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August 24, 2013

Stephanie Banister: Islam is a country

The Canadian Charger

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When a candidate for a political party in a developed country such as Australia has no choice but to resign, after being widely ridiculed, as a result of mistaking Islam for a country, in a television interview and, saying Jews follow Jesus Christ, in the same interview, one has to wonder if this is just "one lone nut", or is she expressing the views of a significant portion of the electorate.

Stephanie Banister, a 27-year-old candidate who was contesting a seat in Queensland for the anti-immigration One Nation Party, had only been in politics for 48 hours when she referred to Islam as a country in an interview with Channel Seven News reporter Erin Edwards, in early August.

''I don't oppose Islam as a country, umm, but I do feel that their laws should not be welcome here in Australia,'' Ms Banister told Channel Seven News.

Later in the interview, Ms. Banister claimed she wanted Halal food to be banned. But does not have a problem with kosher food being sold.

"Jews aren't under haram.  They have their own religion which follows Jesus Christ," she said.

She added that, "Less than 2% of Australians follow haram."

It is unclear whether she meant the Muslim holy book, the Quran. Haram refers to things that are forbidden under Islamic law. Moreover, Judaism is based on the Old Testament, which predates the birth of Jesus Christ.

Commenting on current government policy, Ms. Banister said the Australian national disability insurance scheme was "working at the moment." It is not set to begin until 2016.

Despite these gaffes, the leader of One Nation, Jim Savage, said Ms. Banister continued to have the "full support" of the party executive. He said she had been under "enormous pressure", including threats to her and her family.

Mr. Savage said she has been dealt a terrible injustice.

“She meant to say in a country and immediately corrected herself; but this was not aired.”

He said he's furious that Channel Seven targeted this young woman without the knowledge of party officials.

“Of course, as a rank novice it was easy to get her to make a slip of the tongue.”

Tellingly, her comments, and the fact that the 27-year-old ex-candidate for the One Nation party was already facing disqualification after being charged for placing stickers on products in a Brisbane supermarket that read "Halal food funds terrorism", didn't diminish her standing in the One Nation Party.

One Nation, is a right-wing and nationalist Australian political party that received more than 22 percent of the statewide vote in 1998 state election, which gave it 11 of the 89 seats in the Queensland legislative assembly. The name “One Nation” was supposed to represent national unity, in opposition to the perceived increasing divisions in Australian society that the party alleged were caused by government policies favoring immigrants and indigenous Australians.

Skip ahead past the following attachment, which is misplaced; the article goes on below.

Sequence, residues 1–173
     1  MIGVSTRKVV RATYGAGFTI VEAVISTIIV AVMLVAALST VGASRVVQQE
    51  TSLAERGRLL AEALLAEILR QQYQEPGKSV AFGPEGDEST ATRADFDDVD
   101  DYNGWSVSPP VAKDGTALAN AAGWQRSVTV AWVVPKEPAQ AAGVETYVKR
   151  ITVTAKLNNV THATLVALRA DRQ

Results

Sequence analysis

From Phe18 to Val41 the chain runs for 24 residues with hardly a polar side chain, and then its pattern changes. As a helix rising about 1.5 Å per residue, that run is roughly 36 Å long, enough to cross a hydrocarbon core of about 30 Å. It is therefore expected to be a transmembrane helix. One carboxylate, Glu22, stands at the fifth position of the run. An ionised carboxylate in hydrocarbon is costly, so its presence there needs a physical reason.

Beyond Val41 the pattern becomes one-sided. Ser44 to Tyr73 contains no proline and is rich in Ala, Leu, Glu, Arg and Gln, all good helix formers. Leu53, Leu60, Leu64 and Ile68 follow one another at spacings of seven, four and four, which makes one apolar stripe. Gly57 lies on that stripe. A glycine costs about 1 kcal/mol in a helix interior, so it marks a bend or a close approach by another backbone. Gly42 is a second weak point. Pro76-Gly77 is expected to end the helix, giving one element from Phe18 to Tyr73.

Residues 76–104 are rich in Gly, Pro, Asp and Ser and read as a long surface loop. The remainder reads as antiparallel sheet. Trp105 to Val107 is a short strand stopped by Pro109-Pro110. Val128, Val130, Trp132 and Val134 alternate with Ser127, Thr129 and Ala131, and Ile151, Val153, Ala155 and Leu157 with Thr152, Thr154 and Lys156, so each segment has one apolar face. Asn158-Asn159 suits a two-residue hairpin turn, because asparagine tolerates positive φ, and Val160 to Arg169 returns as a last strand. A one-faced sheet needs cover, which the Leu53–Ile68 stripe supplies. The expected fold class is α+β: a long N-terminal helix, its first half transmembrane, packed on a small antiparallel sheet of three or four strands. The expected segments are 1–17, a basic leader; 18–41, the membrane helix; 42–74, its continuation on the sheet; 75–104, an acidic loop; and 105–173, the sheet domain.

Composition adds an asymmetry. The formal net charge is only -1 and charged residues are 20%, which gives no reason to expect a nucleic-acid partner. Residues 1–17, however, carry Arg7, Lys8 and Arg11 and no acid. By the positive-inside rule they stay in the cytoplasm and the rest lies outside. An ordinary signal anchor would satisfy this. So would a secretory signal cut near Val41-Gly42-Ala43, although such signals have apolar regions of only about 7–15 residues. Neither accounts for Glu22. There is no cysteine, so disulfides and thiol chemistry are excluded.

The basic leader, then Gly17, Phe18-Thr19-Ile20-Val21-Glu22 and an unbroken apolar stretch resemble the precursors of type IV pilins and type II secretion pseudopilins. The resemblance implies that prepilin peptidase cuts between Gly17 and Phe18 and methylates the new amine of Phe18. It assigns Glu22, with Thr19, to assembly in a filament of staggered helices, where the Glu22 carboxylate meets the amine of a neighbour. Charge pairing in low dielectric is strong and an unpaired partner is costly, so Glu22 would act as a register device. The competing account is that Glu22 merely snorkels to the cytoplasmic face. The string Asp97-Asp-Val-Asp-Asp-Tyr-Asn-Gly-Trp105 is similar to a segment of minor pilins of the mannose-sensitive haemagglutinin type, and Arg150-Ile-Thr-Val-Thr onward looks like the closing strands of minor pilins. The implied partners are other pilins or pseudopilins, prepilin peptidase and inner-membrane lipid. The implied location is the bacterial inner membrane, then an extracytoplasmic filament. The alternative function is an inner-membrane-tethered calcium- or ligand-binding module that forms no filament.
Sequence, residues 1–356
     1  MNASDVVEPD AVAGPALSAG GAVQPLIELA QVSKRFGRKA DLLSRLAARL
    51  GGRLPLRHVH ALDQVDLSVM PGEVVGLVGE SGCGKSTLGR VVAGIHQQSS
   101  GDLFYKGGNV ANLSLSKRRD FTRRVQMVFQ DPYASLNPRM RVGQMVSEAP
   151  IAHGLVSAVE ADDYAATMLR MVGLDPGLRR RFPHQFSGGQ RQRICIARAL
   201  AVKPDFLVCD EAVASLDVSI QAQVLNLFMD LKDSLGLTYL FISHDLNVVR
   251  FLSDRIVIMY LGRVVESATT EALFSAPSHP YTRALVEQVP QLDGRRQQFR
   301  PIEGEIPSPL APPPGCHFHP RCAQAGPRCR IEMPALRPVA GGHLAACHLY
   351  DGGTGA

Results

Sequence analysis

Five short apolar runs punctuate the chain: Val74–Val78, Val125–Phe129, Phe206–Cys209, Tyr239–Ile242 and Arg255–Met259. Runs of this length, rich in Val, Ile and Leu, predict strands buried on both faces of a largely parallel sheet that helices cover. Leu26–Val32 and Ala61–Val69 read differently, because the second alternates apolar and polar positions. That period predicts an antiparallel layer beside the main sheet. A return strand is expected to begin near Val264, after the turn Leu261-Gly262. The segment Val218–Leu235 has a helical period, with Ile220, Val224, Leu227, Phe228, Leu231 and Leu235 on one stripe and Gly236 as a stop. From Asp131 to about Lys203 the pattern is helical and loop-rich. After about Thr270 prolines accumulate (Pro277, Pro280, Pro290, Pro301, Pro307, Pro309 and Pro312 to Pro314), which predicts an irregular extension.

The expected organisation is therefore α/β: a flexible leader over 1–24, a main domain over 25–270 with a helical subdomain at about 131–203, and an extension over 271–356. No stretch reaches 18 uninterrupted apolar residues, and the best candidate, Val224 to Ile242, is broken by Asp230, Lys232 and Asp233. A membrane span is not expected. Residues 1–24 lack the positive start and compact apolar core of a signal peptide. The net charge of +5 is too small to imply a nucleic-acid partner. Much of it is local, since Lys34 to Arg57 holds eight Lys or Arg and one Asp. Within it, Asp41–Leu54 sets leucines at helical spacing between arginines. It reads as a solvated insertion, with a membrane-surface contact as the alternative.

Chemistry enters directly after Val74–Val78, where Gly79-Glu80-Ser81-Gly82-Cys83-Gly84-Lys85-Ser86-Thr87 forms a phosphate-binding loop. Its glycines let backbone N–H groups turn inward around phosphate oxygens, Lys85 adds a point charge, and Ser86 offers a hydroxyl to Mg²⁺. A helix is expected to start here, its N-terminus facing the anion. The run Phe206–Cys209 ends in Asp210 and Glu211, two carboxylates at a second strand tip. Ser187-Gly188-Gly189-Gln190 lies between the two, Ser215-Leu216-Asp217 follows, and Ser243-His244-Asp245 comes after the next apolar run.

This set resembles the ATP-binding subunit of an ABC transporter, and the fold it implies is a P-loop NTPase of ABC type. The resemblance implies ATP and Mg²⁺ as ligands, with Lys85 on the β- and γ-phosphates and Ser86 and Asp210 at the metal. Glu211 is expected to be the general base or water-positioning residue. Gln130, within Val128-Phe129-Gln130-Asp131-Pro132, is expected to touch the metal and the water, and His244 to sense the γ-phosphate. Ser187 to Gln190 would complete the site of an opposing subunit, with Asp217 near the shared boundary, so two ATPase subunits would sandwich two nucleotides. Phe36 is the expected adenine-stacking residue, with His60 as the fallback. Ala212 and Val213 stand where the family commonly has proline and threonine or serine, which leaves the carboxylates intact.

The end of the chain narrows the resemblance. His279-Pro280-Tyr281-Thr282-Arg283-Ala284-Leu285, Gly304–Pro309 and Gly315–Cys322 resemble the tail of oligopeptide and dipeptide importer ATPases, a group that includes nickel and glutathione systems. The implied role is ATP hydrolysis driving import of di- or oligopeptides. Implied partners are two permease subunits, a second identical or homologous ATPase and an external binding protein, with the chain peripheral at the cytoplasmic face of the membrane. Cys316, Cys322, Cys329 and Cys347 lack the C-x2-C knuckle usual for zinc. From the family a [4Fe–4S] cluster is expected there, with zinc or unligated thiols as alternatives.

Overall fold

Federally, the party reached its peak in popularity in the 1998 election, winning nine percent of the nationwide vote and electing one Senator in Queensland.

Although One Nation has never approached this level of electoral success since, it has had a significant impact on Australian politics. It split the conservative vote at both state and federal levels, thus threatening the National Party's support base.

The appeal of its policies to the National Party's constituency put great pressure on that party. The rapid rise of the party revealed a substantial minority of discontented voters dissatisfied with the major parties.

Some may see this phenomenon as eerily reminiscent of Canada's Reform Party.

Subsequently, as One Nation's voter support collapsed in elections – first at the state level – then culminating in the 2010 Australian federal election, when it won well under one percent of the vote, the party is attempting an electoral comeback.

Party officials considered Ms. Banister, a 27-year-old welder, and federal election candidate, “a poster child”, whom they thought would be able to rally young voters in waiting. 

It appears that party officials feel Ms. Banister can mitigate the damage she did with her comments by claiming Channel Seven edited her interview and twisted her words. And One Nation officials still feel there is a constituency out there that will support political candidates such as Ms. Banister. They certainly don't believe she is “one lone nut”, and their support indicates that they're probably right about that much, at least.

Keeping in mind that the media people pay attention to is their window to the world, one can only wonder where Ms. Banister and those who support her get their ideas from.

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M. Elmasry

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